Sonic Chronicles: The Dark Brotherhood review
Sonic Chronicles; A poor man's Super Mario RPG.


Twelve years ago, Nintendo plucked their platforming mascot from the comfort of his enemy-bouncing lifestyle and shoe-horned him into a turn-based world, where enemies graciously allowed him to attack them as he pleased under the strict assumption he'd allow them the same courtesies later. In spite of all logic, Super Mario RPG was a marvelous game that showed the Mario franchise was more flexible than many people gave it credit for. Warp forward to 2008, and the only surprise is that it's taken SEGA this long to try outright aping Nintendo's greatest RPG success. Sonic Chronicles is Bioware's attempt to resurrect the Sonic the Hedgehog franchise in RPG form, and while not nearly as flawed as we've come to expect from this series, it never exactly pushes the envelope and tends to plateau before it has even left the ground.

The game begins with Sonic and Tails searching for their lost friend, Knuckles, who has been kidnapped by a bunch of plonkers who don't seem to have considered that alerting the Earth's special forces of an incoming invasion might not be the smartest way to conduct their business. In order to find Knuckles and overcome this mysterious new threat, Sonic sets out to beat up on some wildlife and perform menial tasks for lazy townspeople. One such task required me to retrieve a shop-owner's prized stapler after he mistakenly traded it for what he thought was a coffee-maker, but was in fact some sort of tracking device. Instead of questioning how one could make such a mistake, my self-righteous teammates instead demanded I hunt down this cunning deceiver and force him into trade-backsies. While that is about as ridiculous as the sidequests ever got, you can understand my contempt for a game that seeks to lengthen itself via entirely arbitrary means.

Not that the game doesn't need lengthening, because like a teenager's first sexual experience it is embarrassingly short. The game consists of ten chapters which take a competent player no more than an hour to complete. While I may bemoan this shortcoming, it may in fact be a blessing in disguise as I spent much of my time just wishing the game would end. It's not that the game is particularly bad, just that it is so mind-numbingly repetitive that I found myself tuning out for considerable amounts of time yet never suffering because of it. The game's combat is most charitably described as "heavily inspired by Elite Beat Agents" and least charitably described as "this is *bleep*ing Elite Beat Agents", yet the game hardly attempts to maximize the symbol-tapping potential of the DS. There are literally only three inputs you'll use throughout combat - tap a circle eight times, drag a circle along a line, and tap lots of circles - and while many attacks require you to complete unique combinations of these tasks, your reflexes are never tested any more intensely than they would be if you were playing tennis with a quad-amputee. Sure, some attacks look pretty and the game does have the usual satisfaction that comes with unleashing hell on unsuspecting opponents, but that quickly wears off.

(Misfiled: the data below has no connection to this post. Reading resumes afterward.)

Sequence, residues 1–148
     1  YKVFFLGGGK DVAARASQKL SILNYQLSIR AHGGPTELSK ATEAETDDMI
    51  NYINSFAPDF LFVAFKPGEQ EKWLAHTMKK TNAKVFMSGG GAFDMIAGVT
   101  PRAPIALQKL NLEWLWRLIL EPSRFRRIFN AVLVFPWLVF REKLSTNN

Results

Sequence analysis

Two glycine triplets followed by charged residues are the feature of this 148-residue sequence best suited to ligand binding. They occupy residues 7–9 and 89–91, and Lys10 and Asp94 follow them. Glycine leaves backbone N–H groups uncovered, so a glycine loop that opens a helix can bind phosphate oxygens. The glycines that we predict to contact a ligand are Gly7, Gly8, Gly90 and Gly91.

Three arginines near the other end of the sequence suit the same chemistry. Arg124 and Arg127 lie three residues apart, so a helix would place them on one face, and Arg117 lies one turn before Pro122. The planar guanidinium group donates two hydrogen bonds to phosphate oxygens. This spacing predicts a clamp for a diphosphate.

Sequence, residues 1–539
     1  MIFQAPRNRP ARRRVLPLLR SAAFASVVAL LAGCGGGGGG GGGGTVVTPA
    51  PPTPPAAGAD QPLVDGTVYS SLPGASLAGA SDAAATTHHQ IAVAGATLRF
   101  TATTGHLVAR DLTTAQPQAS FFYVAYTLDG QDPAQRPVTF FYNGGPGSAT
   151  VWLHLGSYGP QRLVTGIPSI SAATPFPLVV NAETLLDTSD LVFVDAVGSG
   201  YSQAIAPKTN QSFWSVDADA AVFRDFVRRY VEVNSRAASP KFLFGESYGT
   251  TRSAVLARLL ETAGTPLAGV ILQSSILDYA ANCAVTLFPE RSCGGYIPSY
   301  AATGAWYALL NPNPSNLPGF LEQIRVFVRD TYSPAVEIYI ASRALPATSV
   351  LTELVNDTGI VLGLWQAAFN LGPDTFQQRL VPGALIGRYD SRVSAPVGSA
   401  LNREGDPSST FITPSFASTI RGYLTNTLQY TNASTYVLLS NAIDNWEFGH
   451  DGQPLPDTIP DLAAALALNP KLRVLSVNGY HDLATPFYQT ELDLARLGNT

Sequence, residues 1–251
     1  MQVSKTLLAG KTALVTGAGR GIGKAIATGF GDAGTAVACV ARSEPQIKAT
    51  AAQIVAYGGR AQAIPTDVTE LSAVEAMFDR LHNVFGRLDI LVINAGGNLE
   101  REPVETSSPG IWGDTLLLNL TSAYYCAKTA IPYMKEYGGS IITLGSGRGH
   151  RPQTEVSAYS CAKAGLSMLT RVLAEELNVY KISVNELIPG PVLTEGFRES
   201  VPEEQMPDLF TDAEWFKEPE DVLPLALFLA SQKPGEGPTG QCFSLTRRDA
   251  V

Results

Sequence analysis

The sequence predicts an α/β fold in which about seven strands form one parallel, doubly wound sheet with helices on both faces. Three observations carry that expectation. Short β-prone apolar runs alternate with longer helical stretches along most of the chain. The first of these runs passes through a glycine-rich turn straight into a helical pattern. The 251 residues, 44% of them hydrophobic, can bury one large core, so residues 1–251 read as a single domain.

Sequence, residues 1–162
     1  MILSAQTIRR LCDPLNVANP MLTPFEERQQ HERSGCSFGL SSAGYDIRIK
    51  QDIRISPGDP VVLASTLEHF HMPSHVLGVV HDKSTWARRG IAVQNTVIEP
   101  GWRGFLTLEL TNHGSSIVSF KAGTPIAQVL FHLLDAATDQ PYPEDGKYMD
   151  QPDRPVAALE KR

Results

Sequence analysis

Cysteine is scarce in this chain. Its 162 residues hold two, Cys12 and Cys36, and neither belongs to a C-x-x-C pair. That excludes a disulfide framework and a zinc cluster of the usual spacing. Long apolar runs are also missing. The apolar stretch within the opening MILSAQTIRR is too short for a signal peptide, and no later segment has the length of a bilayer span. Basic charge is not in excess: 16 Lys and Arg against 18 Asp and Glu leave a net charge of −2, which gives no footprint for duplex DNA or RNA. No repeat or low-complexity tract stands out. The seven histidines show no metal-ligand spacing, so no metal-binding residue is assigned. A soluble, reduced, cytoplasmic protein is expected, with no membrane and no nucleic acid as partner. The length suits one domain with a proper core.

Not to mention the criminal way in which your PP is restricted. You need PP to use the Elite Beat Agents-style moves, and usually you'll have to spend three to five PP each time you attack. The game flips you the proverbial middle finger by giving characters roughly 10 PP max for the entire game, meaning unless you force-feed Sonic copious amounts of +PP medicines you'll generally only get to execute the "interesting" attacks once or twice per battle. Your only other alternative is to use the standard attack option, which requires no more input from you after the attack has been selected and from the second chapter onwards does so little damage to enemies you may as well be pelting them with damp paper.

One thing the game does do correctly are the environments, which are all hand-drawn and look absolutely stunning. Yet, as is the case with much of the game, any good work is quickly undone by something else; In this instance, the hideous character models. I don't know about anyone else, but if you're going to go to the trouble of making the environments so perfect, why cock it up by modeling each character in jaggy 3D? The 2D backgrounds don't work all that well when your character occupies 3D space, and thus has a sense of height which the hand-drawn backgrounds simply can't accommodate. Figuring out your character's position with relation to background objects is often difficult, and this makes things frustrating when you're simply trying to move from point A to point B and aren't sure which surfaces are actually traversable.

While the game hardly has me jumping for joy as it is, the sound effects may as well fill my shoes with lead as far as that's concerned. Many of the game's sound effects are as pleasing to the ear as a cat being dragged face-first across an out-of-tune cello, only far more compressed and distorted. Saying the sound effects are "low quality" doesn't quite do them justice as far as I'm concerned, as they're easily the worst I've ever heard from the DS. The game attempts to redeem itself by including some classic sound effects from Sonic's glory days, but attaches them to such nonsensical things I'm simply left scratching my head; Why does Amy thwacking her enemy with a hammer sound like Sonic breathing an air bubble while underwater? Why does Shadow pounding his boot through an enemy's skull make the pin-prick sound of falling onto some spikes? At this point I'm almost grateful that picking up rings actually sounds like picking up rings, as I get the distinct feeling that the process of allocating sound effects was done via dartboard.